Several veterans in attendance also bemoaned the lack of substantive discussion. Peter Kiernan, president of the Ivy League Veterans Council, was disappointed that Trump “didn’t get any questions about his attacks on Gold Star families.” Afghanistan veteran Kamal Kalsi was similarly frustrated in Lauer’s refusal to press Trump about his claim that he “knows more about ISIS than our Generals do,” or his “backtracking on his claim that he’s going to privatize the VA.”
While the Forum received partisan and nonpartisan criticism, some see the event as evidence of rising power within the veteran community and new organizations like IAVA and others. “It’s noteworthy that the first ‘head-to-head’ event with the two presidential candidates was focused on veterans’ issues because it proves the importance of veterans and military families as a voting bloc,” said Shaun Rieley. “There’s also been a clear rise in the relevance of non-traditional veteran advocacy organizations to broader VA reform conversations, which is a good thing.” Rieley is an Army veteran of the Iraq War, and currently serves as an Outreach and Research Analyst with Concerned Veterans for America.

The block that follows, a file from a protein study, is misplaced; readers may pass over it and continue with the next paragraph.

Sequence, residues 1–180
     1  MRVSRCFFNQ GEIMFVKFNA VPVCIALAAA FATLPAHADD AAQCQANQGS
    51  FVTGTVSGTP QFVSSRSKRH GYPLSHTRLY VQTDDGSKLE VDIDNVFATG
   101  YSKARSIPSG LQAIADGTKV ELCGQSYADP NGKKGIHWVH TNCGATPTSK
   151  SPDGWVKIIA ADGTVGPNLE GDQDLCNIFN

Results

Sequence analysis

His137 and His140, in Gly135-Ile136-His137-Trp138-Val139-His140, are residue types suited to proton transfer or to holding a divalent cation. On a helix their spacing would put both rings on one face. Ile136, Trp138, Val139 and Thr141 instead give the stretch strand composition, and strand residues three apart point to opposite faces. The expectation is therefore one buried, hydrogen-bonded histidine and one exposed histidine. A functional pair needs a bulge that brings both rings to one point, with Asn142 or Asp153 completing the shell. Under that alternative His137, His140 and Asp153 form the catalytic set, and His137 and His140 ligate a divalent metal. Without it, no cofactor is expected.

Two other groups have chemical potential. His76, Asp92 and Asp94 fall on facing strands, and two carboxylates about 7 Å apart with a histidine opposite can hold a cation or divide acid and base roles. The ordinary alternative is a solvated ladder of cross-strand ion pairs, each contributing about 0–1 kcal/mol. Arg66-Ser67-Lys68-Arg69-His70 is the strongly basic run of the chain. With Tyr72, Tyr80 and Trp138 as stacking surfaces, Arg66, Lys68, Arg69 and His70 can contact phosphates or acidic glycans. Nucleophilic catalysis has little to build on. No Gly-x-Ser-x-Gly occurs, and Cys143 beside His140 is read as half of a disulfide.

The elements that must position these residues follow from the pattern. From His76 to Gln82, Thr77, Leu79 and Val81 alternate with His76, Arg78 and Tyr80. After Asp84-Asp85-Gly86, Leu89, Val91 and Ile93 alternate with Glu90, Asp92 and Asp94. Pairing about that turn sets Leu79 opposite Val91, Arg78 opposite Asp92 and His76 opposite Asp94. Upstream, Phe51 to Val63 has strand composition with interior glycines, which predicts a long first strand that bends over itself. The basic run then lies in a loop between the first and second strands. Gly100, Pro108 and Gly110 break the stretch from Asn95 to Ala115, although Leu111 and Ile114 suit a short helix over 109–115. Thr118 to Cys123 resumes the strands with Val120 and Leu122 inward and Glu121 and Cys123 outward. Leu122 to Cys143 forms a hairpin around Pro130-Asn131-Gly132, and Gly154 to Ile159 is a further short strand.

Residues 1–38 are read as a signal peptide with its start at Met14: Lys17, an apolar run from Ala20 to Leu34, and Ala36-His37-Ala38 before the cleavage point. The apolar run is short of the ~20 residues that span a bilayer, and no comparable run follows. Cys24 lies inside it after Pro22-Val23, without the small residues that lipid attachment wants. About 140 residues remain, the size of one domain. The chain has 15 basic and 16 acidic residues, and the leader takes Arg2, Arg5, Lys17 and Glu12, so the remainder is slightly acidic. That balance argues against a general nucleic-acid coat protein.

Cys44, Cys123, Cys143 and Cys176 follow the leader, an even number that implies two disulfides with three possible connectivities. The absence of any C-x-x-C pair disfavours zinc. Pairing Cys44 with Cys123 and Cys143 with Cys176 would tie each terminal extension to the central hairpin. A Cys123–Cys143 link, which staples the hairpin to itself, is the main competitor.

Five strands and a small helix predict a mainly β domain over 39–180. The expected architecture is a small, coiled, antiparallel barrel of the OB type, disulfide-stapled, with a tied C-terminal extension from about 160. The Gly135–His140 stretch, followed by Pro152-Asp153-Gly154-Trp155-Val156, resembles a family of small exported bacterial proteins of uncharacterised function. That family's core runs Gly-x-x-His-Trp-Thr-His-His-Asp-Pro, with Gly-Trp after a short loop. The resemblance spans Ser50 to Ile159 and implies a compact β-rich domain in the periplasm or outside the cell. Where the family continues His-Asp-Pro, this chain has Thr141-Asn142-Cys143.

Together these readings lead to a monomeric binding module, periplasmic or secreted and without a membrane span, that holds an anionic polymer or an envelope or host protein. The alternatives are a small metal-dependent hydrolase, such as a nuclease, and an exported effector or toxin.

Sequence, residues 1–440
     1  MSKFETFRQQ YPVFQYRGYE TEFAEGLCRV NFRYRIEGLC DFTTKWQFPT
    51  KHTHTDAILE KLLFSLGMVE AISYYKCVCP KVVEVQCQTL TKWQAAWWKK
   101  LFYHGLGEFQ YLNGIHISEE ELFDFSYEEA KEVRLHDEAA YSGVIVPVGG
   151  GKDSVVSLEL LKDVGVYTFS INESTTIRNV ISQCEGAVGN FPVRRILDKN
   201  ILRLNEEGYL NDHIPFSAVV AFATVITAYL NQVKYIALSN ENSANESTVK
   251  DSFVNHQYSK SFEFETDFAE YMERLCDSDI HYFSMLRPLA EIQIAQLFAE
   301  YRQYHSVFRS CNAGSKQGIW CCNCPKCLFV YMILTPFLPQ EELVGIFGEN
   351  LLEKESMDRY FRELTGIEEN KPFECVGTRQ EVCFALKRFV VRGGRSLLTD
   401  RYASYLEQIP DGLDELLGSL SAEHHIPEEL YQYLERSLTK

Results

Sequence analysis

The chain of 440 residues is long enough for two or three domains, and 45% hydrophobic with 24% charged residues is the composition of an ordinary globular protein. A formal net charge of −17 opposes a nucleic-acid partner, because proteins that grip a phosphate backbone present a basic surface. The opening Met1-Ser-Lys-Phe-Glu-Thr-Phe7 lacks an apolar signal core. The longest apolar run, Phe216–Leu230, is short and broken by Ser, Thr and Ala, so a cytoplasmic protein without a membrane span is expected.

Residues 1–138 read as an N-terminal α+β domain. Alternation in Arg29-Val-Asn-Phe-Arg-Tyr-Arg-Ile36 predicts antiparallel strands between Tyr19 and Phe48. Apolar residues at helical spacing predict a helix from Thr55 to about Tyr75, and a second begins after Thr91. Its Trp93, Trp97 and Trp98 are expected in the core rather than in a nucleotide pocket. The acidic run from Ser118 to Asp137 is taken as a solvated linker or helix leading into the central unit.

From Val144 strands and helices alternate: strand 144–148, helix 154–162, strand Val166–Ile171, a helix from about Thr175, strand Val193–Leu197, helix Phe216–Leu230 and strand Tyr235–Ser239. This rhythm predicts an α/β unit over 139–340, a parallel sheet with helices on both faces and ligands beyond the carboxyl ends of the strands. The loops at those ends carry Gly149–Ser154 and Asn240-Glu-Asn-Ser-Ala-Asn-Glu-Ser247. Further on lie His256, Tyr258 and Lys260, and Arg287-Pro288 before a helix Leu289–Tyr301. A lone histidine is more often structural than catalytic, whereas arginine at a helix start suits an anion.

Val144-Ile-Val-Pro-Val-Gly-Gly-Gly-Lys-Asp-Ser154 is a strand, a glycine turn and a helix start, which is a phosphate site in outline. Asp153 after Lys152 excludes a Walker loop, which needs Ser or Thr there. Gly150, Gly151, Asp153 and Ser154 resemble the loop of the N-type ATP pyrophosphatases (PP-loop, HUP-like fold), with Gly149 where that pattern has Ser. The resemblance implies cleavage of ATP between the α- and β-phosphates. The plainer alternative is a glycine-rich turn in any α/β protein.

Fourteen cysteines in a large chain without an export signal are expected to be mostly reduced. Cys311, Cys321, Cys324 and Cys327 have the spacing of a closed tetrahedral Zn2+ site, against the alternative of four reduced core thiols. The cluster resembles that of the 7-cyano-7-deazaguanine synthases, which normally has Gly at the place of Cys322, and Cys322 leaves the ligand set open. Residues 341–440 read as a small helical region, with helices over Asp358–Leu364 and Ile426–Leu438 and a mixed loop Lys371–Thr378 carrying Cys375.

Rieckhoff conceded that the Forum merely scratched the service on veterans’ issues, telling MSNBC’s Thomas Roberts, “The veterans asked specific questions, and we required specific answers. We didn’t really get them … but it did jump start a conversation.” Rieckhoff continued, “Veterans issues were finally front and center. It was a win, but it’s not the end of the fight.”